For Chris Kape, a busy Vancouver-based investor, entrepreneur and philanthropist, keeping physically fit is the centerpiece to success in all areas of life.
Whether it’s running with his kids, training for the New York, Vancouver or Seattle marathons, (all of which he has successfully completed) or taking part in running-related initiatives that raise money for charity, Chris says hitting the pavement is his inspiration to approach life with a more relaxed pace and to not stress over the little things.
Chris’ interest in running first sparked in high school.However, after being diagnosed with and subsequently beating cancer at 44 years old, he started to view fitness and a healthy diet as a way to be in control of some of the outside forces that could hurt him and his body.
“By amending certain lifestyle choices, I became determined to reduce the risk of getting cancer again. Running helped me promote a healthy lifestyle and reduce possible illnesses,” says Chris Kape.
Today, with a clean bill of health, the avid runner has found a way to take his passion for running and physical fitness and has integrated it with his contributions to charities through his personal and business efforts.
One of the ways he has raised funds and awareness for charitable causes, as aforementioned, is through competing in marathons. Chris says running in marathons, for him, is all about having goals.
“The harder the goal is to achieve, the better; however, it has to remain in the realm of being achievable. Setting a goal to run in a marathon is just lofty enough to make it extremely difficult, yet achievable.”
Chris says the amount of time it takes to properly train for a marathon can be lengthy and takes a lot of discipline, typically between 6 to 8 months to get your body into its best physical shape.
As for his secret to mentally preparing for a race? Well, there is no secret.
“Here’s the thing, if you’ve trained properly, there is no mental preparation necessary because you are just ready to go on the day of the actual event. 8I used to get jittery and have trouble sleeping the night before, but now it is just another fun and exhilarating day.”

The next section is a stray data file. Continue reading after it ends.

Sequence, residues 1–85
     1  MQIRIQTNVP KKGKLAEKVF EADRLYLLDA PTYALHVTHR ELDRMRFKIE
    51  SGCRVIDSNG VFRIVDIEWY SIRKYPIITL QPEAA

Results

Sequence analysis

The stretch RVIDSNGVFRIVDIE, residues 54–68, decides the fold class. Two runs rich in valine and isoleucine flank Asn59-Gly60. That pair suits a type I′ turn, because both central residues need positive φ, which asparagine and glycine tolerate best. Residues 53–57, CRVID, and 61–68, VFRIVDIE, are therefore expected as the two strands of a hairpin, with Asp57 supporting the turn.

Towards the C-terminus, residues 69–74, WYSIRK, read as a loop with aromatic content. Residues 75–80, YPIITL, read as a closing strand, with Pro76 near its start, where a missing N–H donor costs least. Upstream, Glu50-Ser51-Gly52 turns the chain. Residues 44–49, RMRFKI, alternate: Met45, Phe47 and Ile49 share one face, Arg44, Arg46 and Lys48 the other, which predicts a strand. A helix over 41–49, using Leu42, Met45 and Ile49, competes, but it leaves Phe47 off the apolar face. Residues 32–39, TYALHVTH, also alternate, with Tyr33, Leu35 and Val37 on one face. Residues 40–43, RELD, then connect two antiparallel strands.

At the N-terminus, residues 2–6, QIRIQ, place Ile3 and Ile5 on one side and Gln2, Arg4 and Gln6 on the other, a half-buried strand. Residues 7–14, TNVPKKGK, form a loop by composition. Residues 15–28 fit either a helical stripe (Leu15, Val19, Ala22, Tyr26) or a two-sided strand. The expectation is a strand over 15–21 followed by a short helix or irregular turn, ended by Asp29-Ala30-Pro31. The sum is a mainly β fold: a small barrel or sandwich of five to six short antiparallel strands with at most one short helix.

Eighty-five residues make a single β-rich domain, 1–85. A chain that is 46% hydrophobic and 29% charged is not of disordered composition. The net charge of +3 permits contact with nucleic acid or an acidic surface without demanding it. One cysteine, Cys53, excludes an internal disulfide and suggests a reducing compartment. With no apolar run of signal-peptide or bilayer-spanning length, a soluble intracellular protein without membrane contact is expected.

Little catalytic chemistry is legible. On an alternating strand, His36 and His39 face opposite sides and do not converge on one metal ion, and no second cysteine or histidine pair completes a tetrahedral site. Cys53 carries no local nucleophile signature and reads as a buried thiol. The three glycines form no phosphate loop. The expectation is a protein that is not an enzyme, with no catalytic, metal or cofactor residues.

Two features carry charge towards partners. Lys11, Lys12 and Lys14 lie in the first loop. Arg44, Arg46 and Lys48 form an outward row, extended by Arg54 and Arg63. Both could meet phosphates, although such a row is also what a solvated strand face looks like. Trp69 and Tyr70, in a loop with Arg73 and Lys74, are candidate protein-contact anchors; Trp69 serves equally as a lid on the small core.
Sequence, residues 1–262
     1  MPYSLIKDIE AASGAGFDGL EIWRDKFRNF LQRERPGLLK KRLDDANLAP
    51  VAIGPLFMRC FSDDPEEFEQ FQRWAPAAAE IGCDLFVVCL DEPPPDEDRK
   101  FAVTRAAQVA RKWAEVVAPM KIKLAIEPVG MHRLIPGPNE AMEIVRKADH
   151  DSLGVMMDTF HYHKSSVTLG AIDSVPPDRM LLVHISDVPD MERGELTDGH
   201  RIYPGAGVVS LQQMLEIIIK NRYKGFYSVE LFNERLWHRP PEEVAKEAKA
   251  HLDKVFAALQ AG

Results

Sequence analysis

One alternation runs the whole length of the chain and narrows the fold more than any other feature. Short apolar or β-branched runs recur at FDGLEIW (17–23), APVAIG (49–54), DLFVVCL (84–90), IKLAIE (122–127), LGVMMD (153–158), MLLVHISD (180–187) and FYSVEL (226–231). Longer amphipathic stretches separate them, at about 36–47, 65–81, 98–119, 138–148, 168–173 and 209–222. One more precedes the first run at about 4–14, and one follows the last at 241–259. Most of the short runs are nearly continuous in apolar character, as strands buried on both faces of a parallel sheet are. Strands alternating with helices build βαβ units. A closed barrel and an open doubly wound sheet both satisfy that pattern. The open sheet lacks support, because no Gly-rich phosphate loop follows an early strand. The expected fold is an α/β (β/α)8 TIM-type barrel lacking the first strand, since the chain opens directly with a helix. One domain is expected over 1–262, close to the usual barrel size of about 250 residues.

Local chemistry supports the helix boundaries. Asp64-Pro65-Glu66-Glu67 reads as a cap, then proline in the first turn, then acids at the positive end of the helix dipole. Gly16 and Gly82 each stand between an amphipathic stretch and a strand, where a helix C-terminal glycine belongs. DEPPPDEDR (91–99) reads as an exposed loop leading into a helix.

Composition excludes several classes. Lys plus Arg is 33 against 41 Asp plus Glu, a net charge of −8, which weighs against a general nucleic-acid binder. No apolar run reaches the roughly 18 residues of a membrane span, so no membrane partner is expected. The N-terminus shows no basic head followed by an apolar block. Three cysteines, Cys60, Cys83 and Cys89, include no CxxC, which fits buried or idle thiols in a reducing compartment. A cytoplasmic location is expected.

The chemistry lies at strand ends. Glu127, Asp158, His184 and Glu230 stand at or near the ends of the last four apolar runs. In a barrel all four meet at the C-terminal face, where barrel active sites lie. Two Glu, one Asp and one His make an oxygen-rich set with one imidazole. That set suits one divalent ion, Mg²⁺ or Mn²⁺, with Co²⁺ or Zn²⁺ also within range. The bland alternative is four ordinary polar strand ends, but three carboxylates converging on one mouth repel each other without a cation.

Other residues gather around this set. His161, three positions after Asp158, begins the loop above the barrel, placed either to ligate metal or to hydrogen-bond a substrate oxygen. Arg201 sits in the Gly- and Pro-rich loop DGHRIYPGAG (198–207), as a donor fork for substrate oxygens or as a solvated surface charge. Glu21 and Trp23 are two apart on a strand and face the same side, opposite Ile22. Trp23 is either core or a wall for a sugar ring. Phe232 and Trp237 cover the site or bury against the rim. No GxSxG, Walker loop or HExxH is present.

Running in marathons is definitely exhilarating for the Vancouver businessman, but as Chris explains, there is also a large social aspect to it.
“I actually have a few colleagues that I train with and I have really found that having a common physical goal makes your bond stronger,” he explains.
In addition to running, Chris participates in other physical activities such as road biking. He’s competed in two major charity bike events in the past.
“In the biking category, I have only dedicated myself to two events thus far: the Grand Fondos and the Ride to Conquer Cancer, each occurring in and around British Columbia once per year; and I have participated in 5 of them.”
As a cancer survivor, Chris was looking forward to training for and participating in the 2020 Ride to Conquer Cancer, but it was canceled due to the COVID-19 health crisis. He is looking forward to participating in the event in 2021.
Chris Kape: “I think it will be special to complete the biking event as a survivor. In the past, I recall survivors riding with yellow flags attached to their bikes and thinking “this is the reason I am doing this.” Raising awareness and money is necessary to keep cancer survival rates trending upwards and the death toll trending downwards.”
During the current health crisis, there are a lot of virtual runs being planned, and although Chris decided to give one a try, he discovered his heart is still with the real deal.
“I did participate in a virtual race, but for me, it just wasn’t the same as an in-person race. I enjoy the group/herd mentality on race day. Picking up the package before, browsing all the new race products available, seeing all the physically fit people who are ready to run, marveling at the elite athletes, etc,” he says. “I enjoy lining up at the start with everyone and crossing the finish line together. These things do not happen in a virtual world.”
Right now, while race days are cancelled, Chris is keeping himself in the best running and biking shape, aiming to put in at least 20km a week of running and 100km of biking.
As he sees it, “The people who do these events know that these numbers are quite small, but without a target goal, it is hard to stay motivated. This is ‘just enough’ to maintain a certain level of fitness and keep myself on track for when something comes along.”
Even though swimming isn’t one of his favorite sports, one of Chris’s life mantras is to push yourself out of your own comfort zone, and that is exactly what he intends to do. “As long as the pandemic issues clear in 2021, I will aim to participate in a triathlon!”
As far as Chris Kape’s advice for “newbie” marathon runners, he suggests the following:
- Don’t try and beat a clock or time. Just take it easy the first few times you compete.
- Really enjoy yourself.
- Do it with someone else (most importantly). There is a lot more joy in finishing together than alone.
- Train, train, train – but don’t over train. Do research on what training programs look like and what will work best for you.
- Join a running group.
- Get proper shoes (fitted by someone that knows what they are doing).
- Get a great playlist if you aren’t talking to your running partner during the runs (I prefer talking).
All useful advice that has surely guided Chris Kape to become the determined athlete and runner that he is today.